How Has the Hispanic Population of the US Changed?

According to the US Census Bureau, the Hispanic population of the US increased by more than 450% from 1970 to 2010. In 2010, Mexicans made up 63% of the Latino/Hispanic population in the United States, followed by Puerto Ricans at 9.2%. The most significant change in the ethnic composition of the Hispanic population in the US was in those who identify as having their origins in Central American countries; although people of Central American ancestry made up only 7.9% of the US Latino/Hispanic population in 2010, that percentage had increased by 137% from 2000 and 2010.

More about the Latino/Hispanic population in the US:

  • The origins and uses of the terms "Hispanic" and "Latino" are somewhat controversial. Although both terms are often used to describe people whose ethnic origins are in Mexico, the Caribbean, Central America and South America, not everyone with these ethnic backgrounds identifies with either term. A 2012 study showed that many people preferred to identify with their country of origin rather than the label of "Latino" or "Hispanic."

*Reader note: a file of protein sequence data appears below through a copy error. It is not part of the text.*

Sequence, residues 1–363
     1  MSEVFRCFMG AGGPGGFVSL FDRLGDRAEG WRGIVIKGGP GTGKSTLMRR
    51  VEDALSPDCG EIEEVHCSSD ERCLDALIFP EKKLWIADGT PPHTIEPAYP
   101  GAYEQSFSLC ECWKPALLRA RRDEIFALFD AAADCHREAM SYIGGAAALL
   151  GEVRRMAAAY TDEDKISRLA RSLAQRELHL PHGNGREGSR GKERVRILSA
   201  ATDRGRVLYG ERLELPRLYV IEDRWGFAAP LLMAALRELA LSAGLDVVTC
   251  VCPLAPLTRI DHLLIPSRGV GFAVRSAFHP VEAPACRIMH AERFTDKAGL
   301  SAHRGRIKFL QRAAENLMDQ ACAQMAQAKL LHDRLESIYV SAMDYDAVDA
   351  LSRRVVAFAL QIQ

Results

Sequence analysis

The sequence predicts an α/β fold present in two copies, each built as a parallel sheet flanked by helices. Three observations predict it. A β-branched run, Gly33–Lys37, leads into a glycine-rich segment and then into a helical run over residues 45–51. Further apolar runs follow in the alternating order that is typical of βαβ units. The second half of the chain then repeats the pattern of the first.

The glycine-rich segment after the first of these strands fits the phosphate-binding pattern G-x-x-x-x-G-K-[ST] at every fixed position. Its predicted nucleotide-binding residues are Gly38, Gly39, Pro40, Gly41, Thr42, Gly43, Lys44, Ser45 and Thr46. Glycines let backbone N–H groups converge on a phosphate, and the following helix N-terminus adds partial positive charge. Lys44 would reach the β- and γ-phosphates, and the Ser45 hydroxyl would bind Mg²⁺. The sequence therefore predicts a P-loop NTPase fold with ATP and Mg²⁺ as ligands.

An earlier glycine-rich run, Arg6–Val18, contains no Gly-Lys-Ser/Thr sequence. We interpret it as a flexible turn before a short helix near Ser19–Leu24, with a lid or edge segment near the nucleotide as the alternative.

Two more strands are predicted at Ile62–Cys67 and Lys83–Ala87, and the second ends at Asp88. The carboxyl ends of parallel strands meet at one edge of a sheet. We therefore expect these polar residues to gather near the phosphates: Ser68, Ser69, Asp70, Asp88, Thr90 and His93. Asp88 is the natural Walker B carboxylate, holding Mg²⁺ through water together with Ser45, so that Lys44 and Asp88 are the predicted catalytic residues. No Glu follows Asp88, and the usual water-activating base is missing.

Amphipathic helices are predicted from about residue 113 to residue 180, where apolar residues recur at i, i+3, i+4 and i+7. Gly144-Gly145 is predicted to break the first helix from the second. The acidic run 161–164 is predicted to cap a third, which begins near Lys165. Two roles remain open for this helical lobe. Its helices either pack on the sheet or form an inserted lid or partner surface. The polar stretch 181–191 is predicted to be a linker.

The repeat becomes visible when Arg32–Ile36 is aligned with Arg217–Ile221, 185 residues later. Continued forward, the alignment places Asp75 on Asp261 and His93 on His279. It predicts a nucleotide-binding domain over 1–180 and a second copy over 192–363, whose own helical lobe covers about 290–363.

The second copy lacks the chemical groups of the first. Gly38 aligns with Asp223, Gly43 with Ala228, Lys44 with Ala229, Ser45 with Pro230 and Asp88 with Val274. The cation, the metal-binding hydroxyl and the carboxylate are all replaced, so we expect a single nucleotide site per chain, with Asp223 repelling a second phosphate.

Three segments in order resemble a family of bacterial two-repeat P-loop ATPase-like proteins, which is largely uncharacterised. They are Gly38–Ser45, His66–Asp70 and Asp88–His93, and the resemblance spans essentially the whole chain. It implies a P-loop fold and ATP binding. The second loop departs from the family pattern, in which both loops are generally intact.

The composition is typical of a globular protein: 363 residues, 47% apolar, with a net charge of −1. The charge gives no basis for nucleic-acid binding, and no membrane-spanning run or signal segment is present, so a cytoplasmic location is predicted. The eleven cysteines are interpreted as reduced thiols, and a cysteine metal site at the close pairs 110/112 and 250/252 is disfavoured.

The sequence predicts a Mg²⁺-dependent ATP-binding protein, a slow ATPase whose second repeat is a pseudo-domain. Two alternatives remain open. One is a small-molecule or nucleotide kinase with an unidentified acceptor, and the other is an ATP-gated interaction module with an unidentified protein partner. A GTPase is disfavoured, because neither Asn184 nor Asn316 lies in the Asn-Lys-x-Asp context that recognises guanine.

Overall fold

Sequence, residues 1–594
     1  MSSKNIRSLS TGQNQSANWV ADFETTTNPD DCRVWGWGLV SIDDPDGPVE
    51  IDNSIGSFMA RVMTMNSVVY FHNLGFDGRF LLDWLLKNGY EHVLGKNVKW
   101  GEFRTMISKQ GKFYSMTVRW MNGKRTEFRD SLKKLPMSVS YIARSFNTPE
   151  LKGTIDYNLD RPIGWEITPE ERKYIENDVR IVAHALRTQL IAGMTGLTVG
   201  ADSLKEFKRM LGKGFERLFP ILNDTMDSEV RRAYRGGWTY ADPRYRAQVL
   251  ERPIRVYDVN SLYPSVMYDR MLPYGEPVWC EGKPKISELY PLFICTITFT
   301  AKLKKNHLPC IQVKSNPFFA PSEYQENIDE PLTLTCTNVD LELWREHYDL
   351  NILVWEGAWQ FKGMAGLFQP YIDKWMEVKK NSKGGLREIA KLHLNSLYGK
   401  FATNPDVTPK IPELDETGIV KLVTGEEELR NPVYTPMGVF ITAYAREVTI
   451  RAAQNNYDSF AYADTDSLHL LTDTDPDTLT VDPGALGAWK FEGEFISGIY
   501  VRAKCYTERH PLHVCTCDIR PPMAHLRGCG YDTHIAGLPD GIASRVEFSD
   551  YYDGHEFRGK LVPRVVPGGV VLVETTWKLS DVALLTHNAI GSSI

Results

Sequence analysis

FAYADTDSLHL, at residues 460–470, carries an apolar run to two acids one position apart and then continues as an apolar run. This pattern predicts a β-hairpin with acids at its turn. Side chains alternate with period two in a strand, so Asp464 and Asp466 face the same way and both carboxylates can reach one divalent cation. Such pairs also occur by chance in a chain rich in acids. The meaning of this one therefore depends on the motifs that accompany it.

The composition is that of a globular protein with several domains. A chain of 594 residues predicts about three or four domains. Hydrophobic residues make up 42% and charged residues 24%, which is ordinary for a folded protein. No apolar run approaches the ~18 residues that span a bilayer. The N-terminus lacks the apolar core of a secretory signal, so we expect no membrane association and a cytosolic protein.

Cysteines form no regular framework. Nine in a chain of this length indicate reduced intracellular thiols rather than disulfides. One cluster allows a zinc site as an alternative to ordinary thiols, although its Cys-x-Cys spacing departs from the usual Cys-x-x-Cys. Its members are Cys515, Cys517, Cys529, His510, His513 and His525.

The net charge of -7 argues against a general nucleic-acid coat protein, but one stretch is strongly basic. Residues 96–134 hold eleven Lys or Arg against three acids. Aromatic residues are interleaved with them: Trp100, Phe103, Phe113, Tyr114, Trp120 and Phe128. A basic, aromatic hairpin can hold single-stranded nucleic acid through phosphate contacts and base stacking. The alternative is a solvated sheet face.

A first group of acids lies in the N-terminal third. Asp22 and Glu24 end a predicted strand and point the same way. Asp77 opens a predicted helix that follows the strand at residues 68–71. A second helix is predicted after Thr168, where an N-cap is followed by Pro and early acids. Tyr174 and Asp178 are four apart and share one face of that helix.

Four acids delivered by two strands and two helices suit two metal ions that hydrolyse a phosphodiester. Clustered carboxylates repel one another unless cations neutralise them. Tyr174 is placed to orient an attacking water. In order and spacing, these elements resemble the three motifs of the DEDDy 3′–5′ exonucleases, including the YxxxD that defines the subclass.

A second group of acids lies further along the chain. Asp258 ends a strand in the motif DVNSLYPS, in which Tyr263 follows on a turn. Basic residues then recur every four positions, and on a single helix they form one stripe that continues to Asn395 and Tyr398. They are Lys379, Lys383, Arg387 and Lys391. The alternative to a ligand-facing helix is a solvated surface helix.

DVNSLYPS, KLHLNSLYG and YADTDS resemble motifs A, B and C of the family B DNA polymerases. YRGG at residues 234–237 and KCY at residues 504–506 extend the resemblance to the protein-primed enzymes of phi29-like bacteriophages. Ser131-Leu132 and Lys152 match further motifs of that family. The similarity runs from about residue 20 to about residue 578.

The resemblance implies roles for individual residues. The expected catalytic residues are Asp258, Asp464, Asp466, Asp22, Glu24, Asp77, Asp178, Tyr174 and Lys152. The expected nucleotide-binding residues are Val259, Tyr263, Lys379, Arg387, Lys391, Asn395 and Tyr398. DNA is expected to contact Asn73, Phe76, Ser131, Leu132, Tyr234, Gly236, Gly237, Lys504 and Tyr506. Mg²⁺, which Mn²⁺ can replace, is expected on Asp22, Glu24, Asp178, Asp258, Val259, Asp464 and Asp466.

• The US Census asks respondents if they are of "Hispanic, Latino or Spanish origin."

  • Hispanics/Latinos made up more than half of the overall population increase in the US from 2000 to 2010.

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